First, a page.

We report the system design and predicted performance of the Florida IR Silicon immersion grating
spectromeTer (FIRST). This new generation cryogenic IR spectrograph offers broad-band high resolution
IR spectroscopy with R=72,000 at 1.4-1.8 μm and R=60,000 at 0.8-1.35 μm in a single exposure with a
2kx2k H2RG IR array. It is enabled by a compact design using an extremely high dispersion silicon
immersion grating (SIG) and an R4 echelle with a 50 mm diameter pupil in combination with an Image
Slicer. This instrument is operated in vacuum with temperature precisely controlled to reach long term
stability for high precision radial velocity (RV) measurements of nearby stars, especially M dwarfs and
young stars. The primary technical goal is to reach better than 4 m/s long term RV precision with J<9 M
dwarfs within 30 min exposures. This instrument is scheduled to be commissioned at the Tennessee State
University (TSU) 2-m Automatic Spectroscopic Telescope (AST) at Fairborn Observatory in spring 2013.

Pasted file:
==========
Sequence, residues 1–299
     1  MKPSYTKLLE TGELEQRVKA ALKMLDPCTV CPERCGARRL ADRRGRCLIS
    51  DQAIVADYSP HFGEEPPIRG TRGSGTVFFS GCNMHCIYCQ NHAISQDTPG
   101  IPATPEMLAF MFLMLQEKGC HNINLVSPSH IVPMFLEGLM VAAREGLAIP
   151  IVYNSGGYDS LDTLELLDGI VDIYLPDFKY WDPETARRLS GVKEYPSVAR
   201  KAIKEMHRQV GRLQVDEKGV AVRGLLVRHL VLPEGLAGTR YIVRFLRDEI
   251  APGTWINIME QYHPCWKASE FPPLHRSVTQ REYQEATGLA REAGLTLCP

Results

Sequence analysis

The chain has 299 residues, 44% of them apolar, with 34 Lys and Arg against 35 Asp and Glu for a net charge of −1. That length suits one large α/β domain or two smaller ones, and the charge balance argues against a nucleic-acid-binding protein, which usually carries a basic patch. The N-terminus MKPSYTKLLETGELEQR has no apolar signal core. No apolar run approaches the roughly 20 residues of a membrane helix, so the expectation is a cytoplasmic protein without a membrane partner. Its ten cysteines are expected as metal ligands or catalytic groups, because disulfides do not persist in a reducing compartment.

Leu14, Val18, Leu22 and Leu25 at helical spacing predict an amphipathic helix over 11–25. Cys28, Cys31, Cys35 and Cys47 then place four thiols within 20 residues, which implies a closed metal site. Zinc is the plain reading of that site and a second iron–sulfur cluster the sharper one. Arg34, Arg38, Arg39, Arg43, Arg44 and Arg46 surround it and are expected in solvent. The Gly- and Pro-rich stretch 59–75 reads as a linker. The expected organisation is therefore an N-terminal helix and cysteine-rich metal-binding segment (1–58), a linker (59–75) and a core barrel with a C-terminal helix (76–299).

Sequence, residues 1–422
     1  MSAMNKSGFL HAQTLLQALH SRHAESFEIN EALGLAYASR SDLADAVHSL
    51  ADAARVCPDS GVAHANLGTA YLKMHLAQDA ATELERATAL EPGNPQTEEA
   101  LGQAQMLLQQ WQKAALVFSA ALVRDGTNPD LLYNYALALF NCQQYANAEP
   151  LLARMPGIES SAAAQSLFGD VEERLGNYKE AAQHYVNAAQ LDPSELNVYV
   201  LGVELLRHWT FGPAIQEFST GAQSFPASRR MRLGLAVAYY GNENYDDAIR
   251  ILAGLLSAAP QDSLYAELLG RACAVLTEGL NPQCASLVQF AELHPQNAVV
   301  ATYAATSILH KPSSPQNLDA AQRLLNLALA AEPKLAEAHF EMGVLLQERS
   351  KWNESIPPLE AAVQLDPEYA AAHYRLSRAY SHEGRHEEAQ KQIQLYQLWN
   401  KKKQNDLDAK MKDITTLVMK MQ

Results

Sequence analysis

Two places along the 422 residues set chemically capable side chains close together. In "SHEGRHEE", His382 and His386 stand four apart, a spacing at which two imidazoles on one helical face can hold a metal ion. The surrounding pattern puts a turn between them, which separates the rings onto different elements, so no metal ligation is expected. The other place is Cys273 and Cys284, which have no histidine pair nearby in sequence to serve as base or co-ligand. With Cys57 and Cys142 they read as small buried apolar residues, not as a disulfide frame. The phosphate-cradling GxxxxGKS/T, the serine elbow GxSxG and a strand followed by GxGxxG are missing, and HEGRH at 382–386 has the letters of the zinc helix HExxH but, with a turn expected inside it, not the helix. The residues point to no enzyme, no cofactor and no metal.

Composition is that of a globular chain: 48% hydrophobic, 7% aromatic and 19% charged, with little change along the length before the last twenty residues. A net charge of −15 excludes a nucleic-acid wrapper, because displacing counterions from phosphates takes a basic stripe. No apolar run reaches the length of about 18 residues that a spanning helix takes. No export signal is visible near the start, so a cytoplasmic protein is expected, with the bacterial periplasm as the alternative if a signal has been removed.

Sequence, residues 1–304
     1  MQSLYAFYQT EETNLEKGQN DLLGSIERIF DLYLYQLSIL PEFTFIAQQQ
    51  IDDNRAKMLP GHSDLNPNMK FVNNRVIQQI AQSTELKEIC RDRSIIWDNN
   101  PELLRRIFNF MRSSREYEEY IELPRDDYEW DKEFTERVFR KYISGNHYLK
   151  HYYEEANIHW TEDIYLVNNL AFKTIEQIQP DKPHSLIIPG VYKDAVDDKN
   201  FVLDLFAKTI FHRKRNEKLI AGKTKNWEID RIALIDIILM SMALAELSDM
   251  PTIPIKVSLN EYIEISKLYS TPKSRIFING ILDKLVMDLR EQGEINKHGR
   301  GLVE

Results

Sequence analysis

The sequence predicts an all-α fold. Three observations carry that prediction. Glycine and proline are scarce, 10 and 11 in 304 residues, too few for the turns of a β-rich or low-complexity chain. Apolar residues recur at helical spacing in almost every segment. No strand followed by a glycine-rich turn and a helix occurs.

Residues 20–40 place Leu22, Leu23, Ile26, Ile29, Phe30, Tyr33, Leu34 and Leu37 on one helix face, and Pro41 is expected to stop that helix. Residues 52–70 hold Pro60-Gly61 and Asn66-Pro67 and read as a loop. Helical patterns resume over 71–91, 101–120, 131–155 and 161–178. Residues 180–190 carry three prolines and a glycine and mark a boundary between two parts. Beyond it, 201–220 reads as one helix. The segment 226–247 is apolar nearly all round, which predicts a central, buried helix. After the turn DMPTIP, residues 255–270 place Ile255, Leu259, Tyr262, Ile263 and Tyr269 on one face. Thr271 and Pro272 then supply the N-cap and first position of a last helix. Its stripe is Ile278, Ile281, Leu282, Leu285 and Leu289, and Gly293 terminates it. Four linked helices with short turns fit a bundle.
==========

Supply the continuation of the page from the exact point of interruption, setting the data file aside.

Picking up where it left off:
FIRST can also be used for observing transiting planets, young stellar objects (YSOs), magnetic fields,
binaries, brown dwarfs (BDs), ISM and stars.
We plan to launch the FIRST NIR M dwarf planet survey in 2014 after FIRST is commissioned at the
AST. This NIR M dwarf survey is the first large-scale NIR high precision Doppler survey dedicated to
detecting and characterizing planets around 215 nearby M dwarfs with J< 10. Our primary science goal is
to look for habitable Super-Earths around the late M dwarfs and also to identify transiting systems for
follow-up observations with JWST to measure the planetary atmospheric compositions and study their
habitability. Our secondary science goal is to detect and characterize a large number of planets around M
dwarfs to understand the statistics of planet populations around these low mass stars and constrain planet
formation and evolution models. Our survey baseline is expected to detect ~30 exoplanets, including 10
Super Earths, within 100 day periods. About half of the Super-Earths are in their habitable zones and one
of them may be a transiting planet. The AST, with its robotic control and ease of switching between
instruments (in seconds), enables great flexibility and efficiency, and enables an optimal strategy, in terms
of schedule and cadence, for this NIR M dwarf planet survey.